Belgian scientists from the University of Ghent (UGent) have developed a multifunctional agricultural robot that makes genuine sustainable farming much easier. The robot works the field fully automatically and treats each section exactly according to what it needs at that moment. The robot can be seen for the first time at the AGRIBEX agricultural trade fair in December.
In view of stricter legislation on the use of fertilizers and plant protection products, the agricultural sector is increasingly looking for sustainable techniques to safeguard the farmers’ return on investment. This is where this robot comes in, the university says in a press release.
From soil analysis to spraying, everything is done with a fully automatic machine. The robot is small and light, which puts less stress on the soil than heavy machines. It can work the soil in a variety of ways, such as sowing, fertilizing and spraying the field, in exactly the right amount in exactly the right place. It dispenses these substances automatically and in varying quantities, depending on which part of the field needs more or less at that moment.
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The researchers purchased the robot and developed the software themselves. Just like the integration of the robot with the associated machines, e.g. a cultivator, a seeder, a fertilizer machine and a sprayer.
Prof. Abdul Mouazen developed the technology together with his team within the Precision Scoring Group at UGent’s Faculty of Bioengineering.
“Agricultural robots have been around for a while. But so far, they have been working the fields without taking spatial variability into account. That’s the differences that exist between each part of the field. We applied our knowledge of precision farming to an agricultural robot that was already developed. By doing this, we created a fully automatic machine that is multifunctional, that can sample the field in real time and process it in a site-specific manner. Both the farmer and the environment benefit handsomely from this.”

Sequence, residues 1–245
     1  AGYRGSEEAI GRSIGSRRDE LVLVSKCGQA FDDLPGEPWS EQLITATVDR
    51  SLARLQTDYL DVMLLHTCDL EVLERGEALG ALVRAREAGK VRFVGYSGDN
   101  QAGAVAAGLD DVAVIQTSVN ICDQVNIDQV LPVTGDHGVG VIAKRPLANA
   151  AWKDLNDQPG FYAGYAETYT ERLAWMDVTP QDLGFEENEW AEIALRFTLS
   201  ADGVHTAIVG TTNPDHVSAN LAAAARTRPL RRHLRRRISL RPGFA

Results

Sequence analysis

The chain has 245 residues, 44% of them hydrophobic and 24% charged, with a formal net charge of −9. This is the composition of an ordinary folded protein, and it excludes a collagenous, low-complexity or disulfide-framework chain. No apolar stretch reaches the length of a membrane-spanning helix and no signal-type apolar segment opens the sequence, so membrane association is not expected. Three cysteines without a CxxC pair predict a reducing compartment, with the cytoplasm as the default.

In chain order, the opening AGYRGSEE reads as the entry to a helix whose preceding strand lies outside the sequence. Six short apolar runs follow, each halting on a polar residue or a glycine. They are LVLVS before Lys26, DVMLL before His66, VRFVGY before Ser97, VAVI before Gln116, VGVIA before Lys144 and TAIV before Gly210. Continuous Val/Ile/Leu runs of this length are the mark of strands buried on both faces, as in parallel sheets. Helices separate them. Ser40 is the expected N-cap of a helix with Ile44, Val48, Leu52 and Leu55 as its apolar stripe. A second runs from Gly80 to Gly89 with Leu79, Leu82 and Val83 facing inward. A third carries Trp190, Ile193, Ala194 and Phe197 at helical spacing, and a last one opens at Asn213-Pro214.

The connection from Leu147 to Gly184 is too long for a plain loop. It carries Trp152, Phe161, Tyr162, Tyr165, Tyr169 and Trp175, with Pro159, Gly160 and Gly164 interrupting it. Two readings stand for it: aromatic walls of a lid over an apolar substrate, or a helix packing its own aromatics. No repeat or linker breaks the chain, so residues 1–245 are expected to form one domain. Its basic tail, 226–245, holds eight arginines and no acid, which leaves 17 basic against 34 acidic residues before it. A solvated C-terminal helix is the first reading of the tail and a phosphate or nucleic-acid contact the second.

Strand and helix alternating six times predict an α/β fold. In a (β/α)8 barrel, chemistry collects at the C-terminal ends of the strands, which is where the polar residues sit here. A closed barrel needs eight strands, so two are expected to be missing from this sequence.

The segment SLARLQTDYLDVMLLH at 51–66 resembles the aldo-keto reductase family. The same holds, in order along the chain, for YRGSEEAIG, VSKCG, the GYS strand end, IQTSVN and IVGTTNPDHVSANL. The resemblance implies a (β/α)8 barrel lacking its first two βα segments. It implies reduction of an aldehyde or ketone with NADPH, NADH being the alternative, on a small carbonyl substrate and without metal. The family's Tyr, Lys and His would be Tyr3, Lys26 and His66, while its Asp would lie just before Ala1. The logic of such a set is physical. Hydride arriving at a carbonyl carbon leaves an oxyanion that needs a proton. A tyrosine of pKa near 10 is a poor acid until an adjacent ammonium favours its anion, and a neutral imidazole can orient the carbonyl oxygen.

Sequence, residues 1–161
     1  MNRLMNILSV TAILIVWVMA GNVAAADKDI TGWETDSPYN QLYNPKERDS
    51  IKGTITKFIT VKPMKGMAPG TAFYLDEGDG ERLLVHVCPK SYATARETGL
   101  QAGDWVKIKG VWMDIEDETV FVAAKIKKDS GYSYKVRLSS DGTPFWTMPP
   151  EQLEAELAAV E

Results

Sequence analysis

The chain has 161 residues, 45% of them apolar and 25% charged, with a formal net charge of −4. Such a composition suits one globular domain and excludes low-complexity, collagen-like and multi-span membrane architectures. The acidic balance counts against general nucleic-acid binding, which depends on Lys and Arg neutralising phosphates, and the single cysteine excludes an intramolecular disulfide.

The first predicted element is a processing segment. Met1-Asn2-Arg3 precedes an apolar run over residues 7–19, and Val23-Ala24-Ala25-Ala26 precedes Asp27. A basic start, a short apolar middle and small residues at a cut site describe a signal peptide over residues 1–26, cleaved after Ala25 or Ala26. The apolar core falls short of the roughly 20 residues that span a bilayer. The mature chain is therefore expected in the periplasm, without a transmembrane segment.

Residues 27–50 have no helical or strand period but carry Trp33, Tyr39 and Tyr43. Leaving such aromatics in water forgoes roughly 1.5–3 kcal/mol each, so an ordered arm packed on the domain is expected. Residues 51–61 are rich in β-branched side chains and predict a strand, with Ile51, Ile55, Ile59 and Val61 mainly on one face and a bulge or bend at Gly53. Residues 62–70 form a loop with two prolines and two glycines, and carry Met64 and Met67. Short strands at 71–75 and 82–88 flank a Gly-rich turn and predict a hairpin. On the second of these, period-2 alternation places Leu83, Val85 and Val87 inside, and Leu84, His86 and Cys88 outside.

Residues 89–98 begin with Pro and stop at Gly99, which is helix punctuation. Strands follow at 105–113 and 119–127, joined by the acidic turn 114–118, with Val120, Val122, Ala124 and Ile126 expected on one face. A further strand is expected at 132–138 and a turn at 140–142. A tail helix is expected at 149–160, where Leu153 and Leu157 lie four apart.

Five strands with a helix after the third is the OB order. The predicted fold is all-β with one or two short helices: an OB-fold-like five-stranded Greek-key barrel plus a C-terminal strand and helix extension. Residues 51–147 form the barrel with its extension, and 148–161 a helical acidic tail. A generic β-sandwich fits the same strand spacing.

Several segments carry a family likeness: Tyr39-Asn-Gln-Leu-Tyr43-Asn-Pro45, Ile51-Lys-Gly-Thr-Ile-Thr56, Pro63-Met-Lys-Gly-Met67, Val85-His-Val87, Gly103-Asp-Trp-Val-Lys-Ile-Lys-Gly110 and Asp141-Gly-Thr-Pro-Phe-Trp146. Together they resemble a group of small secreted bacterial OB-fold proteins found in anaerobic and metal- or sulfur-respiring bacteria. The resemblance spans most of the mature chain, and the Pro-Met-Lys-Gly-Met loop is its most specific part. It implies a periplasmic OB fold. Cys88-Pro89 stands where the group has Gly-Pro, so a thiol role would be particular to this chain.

Several trials in Belgium, but also in Germany, Spain, the United Kingdom and Turkey, show that this technology has great potential. “Compared to the homogeneous application of fertilizer with nitrogen on an agricultural field, our technology saves the farmer about €50 per hectare. That is twice as much as existing differentiation techniques currently used in agriculture,” according to Prof. Mouazen..
More environmentally friendly
Because fertilizers and crop protection products are then applied site-specifically, fewer are needed. This spares the environment a great deal as well. Precision farming and robot technology, for example, offer a solution so that fertilization limits are not exceeded while still being able to achieve good yields.
The researchers calculated that site-specific fertilization results in as much as 19 percent less nitrogen when using artificial fertilizer. In the case of organic manure, it produces 4 percent less nitrogen and 7 percent less phosphorus. Moreover, an agricultural robot is lighter than conventional agricultural machines, which means that the soil is not compacted as much. This significantly reduces the risk of erosion and flooding during heavy rain, such as what happened this summer.
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